Klamath Dam Removal Plan on Track

The plan to remove four hydroelectric dams to improve fish passage and water quality on the Klamath River is proceeding on schedule for a 2020 demolition time, according to plan proponents.

The Federal Energy Regulatory Commission will ultimately have to approve or deny the plan, and the change in administration in Washington, D.C., has led to three of the five seats on the commission being vacated. President Donald Trump will be responsible for appointing the three new members, but plan proponents such as the dams’ owning company PacifiCorp, do not believe this will affect the project’s timeline.

Copco 1 dam on the Klamath River is one of four dams to be removed by 2020.

“We don’t know what we’re dealing with until the new commission is in place,” PacifiCorp spokesman Bob Gravely said Tuesday. “Our expectation is this will move as a regular administrative order that FERC takes up and deals with all the time. We have no reason to believe it won’t be treated like any other application of its kind.”

Trump administration

Amy Cordalis, legal counsel for one of the plan’s signatories and California’s largest Native American tribe, the Yurok, stated the Trump administration supports “economically beneficial business decisions.”

“The Klamath River dams are owned by PacifiCorp which has determined through extensive analysis that dam removal is the best economic decision for the corporation and its rate payers,” Cordalis wrote in an email to the Times-Standard.

“We are hopeful the administration will support PacifiCorp’s business decision to remove dams.”

The dam removal plan — known as the Klamath Hydroelectric Settlement Agreement — would be the largest dam removal project in U.S. history, and in that way it will need to jump through several regulatory hoops and agencies at both the state and federal level.

Decommissioning dams

Last year, PacifiCorp submitted an application to the commission to transfer ownership of four dams — J.C. Boyle dam in southern Oregon and the Iron Gate, Copco 1 and Copco 2 dams in Siskiyou County — to the newly created private nonprofit Klamath River Renewal Corporation, which was formed by the signatories of the dam removal agreement. At the same time, the Klamath River Renewal Corporation submitted an application to decommission the four dams by 2020.

The corporation’s Board of Directors President Mike Carrier said they have made significant progress since last year including securing funding agreements with both states and preparing required technical documents. The project will cost about $450 million to complete with PacifiCorp ratepayers in California and Oregon contributing $200 million and California contributing the other $250 million through the Proposition 1 water bond passed by voters in 2014.

KRRC deadline

In order for the plan to be considered by the federal commission, Carrier said the corporation must prove its legal, technical and financial capability to carry out the dam removal. He said the corporation planned to submit this information to the commission Wednesday.

“We need to keep the information flowing in all directions to the public, local communities, to the Congress and the regulators about how the project is going, what its real purpose is, how it’s funded and make sure the folks are well-informed,” Carrier said. “That’s a major priority for this coming year.”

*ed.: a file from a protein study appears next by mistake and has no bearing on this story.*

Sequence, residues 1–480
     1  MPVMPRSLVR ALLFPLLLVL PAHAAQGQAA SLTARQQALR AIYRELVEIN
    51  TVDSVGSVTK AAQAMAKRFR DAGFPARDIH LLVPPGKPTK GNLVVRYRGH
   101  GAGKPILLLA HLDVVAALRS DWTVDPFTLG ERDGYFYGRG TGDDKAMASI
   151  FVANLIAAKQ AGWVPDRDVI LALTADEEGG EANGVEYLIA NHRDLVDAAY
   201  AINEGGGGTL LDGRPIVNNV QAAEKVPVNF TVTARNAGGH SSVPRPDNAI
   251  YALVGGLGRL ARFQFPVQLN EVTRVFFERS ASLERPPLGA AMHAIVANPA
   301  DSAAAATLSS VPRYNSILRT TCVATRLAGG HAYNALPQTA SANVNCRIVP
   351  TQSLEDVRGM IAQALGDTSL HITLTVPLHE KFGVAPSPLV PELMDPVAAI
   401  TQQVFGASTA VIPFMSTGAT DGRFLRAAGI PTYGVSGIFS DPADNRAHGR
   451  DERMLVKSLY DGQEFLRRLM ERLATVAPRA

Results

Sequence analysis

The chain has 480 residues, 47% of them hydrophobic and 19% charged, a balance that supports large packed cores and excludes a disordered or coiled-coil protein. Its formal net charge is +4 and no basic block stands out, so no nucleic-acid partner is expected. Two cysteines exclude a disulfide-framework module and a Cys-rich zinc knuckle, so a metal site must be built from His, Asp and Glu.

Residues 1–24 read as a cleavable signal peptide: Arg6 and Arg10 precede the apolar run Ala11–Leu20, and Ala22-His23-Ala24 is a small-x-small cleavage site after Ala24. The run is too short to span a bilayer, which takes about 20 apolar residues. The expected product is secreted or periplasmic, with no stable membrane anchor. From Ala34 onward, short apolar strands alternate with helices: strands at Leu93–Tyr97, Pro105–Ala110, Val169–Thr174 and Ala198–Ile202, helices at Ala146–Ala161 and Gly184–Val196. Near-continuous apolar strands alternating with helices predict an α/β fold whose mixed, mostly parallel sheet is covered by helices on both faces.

Once this supplemental information is submitted, Carrier said the federal commission will send out a public notice inviting entities to intervene in the process either in support or opposition to the dam removal plan. Carrier said he has yet to see a project go before the commission that has not had interventions, and said this plan would not likely be any different.

Political issue

The dam removal project has proven to be a political issue in the past.

After being drafted in 2010, the Klamath Hydroelectric Settlement Agreement initially attempted to make its way through Congress for approval, but failed because of continued opposition by House Republicans. The plan as well as other related bills to address water sharing between tribes and irrigators in the Klamath River Basin failed to pass through the committee process, causing one of the bills to expire.

The plan was redrafted in early 2016 so that it would instead go through the Federal Energy Regulatory Commission, though the water sharing agreements have yet to be resurrected.

The new plan must also acquire water quality permits from Oregon and California. The California Water Resources Control Board recently concluded a public comment period Feb. 1 and will now be working to issue a draft environmental impact report by early 2018. Water board Public Information Officer Tim Moran stated the board’s final certification of the project’s water quality certification and environmental review is targeted for 2019.

Moran encourages anyone who would like to receive updates on this water quality certification process to sign up for the “Lower Klamath Project License Surrender” email list under the “Water Rights” section at www.waterboards.ca.gov/resources/email_subscriptions/swrcb_subscribe.shtml

“Dam removal is one of the most important steps toward salmon restoration on the Klamath River and its tributaries, including the Trinity River,” Cordalis wrote to the Times-Standard. “Dam removal coupled with habitat restoration, and improved water quality and quantity, will restore the salmon and other fisheries.”